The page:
Every marketer knows the name HubSpot. Thanks to its blog posts, webinars, e-books, video content, and social media, HubSpot has established itself as a go-to resource in the industry. The company’s success serves as a case study in how to leverage content to grow a company.
Audiences today have unprecedented control over what they consume. They can customize their media experiences, and they have little tolerance for irrelevant content. Marketers must not only be creative in what they present to audiences, but also in how they deliver it.
HubSpot accommodates all of its readers by producing high-quality content across several platforms. At DivvyHQ, we also market to marketers, so we know the importance of diversity. An interesting mix of information and delivery methods attracts new customers, retains current clients, and educates your community.
Striking the right content balance comes down to knowing your audience. Any two customers might have radically different interests and ways of interacting with your brand. Once you know the individuals in your community, you can create a content strategy that resonates with each of them.
Great Strategies Begin With Infrastructure
Content isn’t worth much until you understand your audience. Before you put pen to paper (or fingers to keyboard), develop buyer personas based on your market research. These customer profiles should dictate every aspect of your strategy.
Don’t write a single line of content until you’ve built the right infrastructure. Let the following principles guide your content planning:
- Sustainability: Before starting a company blog, video series, and monthly webinars all at once, ask whether you have the manpower to follow through on all three. If you’re a small company with a one-person marketing shop, you may want to stick to weekly blog posts or a quarterly webinar for now. Sustainable quality trumps one-off quantity.
- Frequency: Establish a publishing schedule, and stick to it. Put out valuable content on a consistent basis so your audience comes to rely on your insights.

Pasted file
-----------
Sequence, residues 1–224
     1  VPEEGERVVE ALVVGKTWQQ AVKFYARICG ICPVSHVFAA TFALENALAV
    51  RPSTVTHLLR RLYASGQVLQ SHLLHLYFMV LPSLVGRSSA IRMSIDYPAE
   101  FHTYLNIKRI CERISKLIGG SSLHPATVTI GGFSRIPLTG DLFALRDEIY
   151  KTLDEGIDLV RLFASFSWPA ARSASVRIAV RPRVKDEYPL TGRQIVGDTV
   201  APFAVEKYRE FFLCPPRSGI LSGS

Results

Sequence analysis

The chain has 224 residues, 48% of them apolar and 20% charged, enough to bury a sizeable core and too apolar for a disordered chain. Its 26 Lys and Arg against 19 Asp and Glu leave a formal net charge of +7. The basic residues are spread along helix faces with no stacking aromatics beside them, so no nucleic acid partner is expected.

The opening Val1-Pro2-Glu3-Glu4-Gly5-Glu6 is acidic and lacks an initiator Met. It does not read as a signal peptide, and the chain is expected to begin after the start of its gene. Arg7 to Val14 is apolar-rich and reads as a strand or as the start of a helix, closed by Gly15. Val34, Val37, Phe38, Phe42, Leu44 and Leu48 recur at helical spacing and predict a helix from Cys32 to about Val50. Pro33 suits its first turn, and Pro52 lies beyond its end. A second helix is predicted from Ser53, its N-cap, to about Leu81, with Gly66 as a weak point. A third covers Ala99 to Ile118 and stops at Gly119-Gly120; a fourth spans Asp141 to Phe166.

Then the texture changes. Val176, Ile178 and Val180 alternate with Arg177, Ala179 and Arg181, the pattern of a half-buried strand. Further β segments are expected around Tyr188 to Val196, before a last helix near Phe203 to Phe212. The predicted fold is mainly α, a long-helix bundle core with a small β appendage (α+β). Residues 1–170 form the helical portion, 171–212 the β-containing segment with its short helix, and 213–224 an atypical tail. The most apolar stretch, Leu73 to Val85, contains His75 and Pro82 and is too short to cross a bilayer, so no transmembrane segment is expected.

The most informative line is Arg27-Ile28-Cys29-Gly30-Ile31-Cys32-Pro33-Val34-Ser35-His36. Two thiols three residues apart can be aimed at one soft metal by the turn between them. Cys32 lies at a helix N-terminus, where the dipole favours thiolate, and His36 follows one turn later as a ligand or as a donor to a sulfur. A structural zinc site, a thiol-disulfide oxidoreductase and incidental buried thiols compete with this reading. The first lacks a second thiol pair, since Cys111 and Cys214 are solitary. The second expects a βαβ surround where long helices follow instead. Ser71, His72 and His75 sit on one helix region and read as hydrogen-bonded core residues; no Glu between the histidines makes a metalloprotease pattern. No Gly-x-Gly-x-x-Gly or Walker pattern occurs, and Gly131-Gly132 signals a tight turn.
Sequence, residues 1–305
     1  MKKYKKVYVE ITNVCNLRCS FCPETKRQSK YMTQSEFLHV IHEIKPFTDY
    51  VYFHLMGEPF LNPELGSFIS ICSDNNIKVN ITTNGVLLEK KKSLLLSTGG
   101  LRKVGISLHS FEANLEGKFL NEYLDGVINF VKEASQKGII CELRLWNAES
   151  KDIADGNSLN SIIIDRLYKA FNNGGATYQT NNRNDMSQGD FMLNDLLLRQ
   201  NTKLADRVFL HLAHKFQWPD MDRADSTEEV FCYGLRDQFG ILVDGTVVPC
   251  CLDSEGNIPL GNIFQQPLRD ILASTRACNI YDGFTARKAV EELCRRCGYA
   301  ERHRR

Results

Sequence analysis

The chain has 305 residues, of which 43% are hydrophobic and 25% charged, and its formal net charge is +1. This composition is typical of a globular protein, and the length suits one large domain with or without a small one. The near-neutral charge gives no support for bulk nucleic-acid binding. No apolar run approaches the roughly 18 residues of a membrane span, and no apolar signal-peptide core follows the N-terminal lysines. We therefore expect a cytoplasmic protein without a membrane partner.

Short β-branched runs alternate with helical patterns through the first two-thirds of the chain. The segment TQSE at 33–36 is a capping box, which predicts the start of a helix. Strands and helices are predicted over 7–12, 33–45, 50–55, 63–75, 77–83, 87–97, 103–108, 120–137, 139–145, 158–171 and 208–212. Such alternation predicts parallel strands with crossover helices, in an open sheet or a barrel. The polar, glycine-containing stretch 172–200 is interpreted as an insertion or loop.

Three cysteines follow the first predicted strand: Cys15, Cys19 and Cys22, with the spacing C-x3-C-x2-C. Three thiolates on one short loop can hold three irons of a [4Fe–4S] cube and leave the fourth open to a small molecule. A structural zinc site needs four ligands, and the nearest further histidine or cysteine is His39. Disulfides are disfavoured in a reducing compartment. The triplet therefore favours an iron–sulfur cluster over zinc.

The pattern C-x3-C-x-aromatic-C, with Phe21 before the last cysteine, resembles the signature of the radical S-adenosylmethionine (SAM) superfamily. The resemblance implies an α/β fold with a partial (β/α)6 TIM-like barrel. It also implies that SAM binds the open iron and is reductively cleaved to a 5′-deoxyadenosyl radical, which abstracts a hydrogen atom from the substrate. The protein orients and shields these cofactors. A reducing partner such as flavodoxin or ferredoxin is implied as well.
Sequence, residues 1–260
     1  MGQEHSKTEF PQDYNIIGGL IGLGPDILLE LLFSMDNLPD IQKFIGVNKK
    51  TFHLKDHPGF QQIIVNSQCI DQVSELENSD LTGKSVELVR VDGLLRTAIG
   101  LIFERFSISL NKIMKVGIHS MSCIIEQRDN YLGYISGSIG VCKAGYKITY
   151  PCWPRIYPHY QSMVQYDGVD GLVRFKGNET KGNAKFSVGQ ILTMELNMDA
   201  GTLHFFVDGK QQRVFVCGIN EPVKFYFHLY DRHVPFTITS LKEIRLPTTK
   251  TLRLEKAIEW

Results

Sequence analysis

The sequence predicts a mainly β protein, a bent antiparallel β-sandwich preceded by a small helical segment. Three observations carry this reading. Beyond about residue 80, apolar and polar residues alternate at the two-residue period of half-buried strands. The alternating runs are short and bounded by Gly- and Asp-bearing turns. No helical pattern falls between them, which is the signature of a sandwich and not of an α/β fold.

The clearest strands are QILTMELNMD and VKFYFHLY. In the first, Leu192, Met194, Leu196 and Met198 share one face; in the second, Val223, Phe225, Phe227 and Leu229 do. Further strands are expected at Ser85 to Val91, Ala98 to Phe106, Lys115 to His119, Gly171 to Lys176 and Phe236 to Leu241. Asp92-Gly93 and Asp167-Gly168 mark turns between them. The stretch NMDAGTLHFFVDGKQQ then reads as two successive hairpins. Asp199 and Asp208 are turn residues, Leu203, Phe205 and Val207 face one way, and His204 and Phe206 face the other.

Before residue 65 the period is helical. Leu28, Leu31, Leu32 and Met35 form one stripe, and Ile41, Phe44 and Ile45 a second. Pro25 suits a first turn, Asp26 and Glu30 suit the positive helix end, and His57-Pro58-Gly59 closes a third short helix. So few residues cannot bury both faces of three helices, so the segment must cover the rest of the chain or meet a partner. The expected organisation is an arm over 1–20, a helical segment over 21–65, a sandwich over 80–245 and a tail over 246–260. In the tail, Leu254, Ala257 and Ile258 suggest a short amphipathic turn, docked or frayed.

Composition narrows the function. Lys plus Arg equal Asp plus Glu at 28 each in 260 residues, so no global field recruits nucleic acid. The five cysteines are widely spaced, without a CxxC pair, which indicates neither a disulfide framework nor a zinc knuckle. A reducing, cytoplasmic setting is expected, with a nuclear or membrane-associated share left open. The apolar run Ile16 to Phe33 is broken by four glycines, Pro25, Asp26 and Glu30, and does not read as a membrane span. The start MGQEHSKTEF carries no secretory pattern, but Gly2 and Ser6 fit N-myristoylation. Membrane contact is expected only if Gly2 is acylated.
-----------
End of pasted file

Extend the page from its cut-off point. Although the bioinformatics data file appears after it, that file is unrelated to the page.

- Experimentation: Small teams often have ideas for five marketing channels and the resources for one. Start with the strategy most likely to resonate, and test others as your capabilities grow. By incorporating new tactics slowly, you maximize your results while maintaining quality and frequency.
Variety Is the Spice of Content
Once you set a publishing schedule, build variety into your publishing platforms and the content itself. Here are the three key areas in which you want to diversify your approach:
- Your Mission: Each content channel may serve a different purpose. Maybe you’re using email to promote a product, a blog post to educate, and a tweet to entertain. Whatever the end goal, the content and tone should reflect each channel’s mission.
- The Format: Know whether your audience favors long-form articles or videos — or both. Let your research guide the types of content you produce to ensure you’re reaching your entire community with the format they’ll love.
- The Channel: Identify which delivery vehicles stand the best chance of reaching your audience. Do your top prospects frequent Twitter or Pinterest? Are they more likely to act on an email or a video ad? Marketers have access to countless media platforms, so experiment with a mix of channels, and document which ones best engage your target market.
People expect brands to create content that speaks to them on the platforms they prefer. You strike the right balance by knowing your audience and learning how best to communicate with them. The more adaptable you are as a marketer, the more likely you are to connect meaningfully with audiences on behalf of your company.
Brody Dorland is the co-founder of DivvyHQ, the ultimate content planning and production workflow tool for high-volume teams.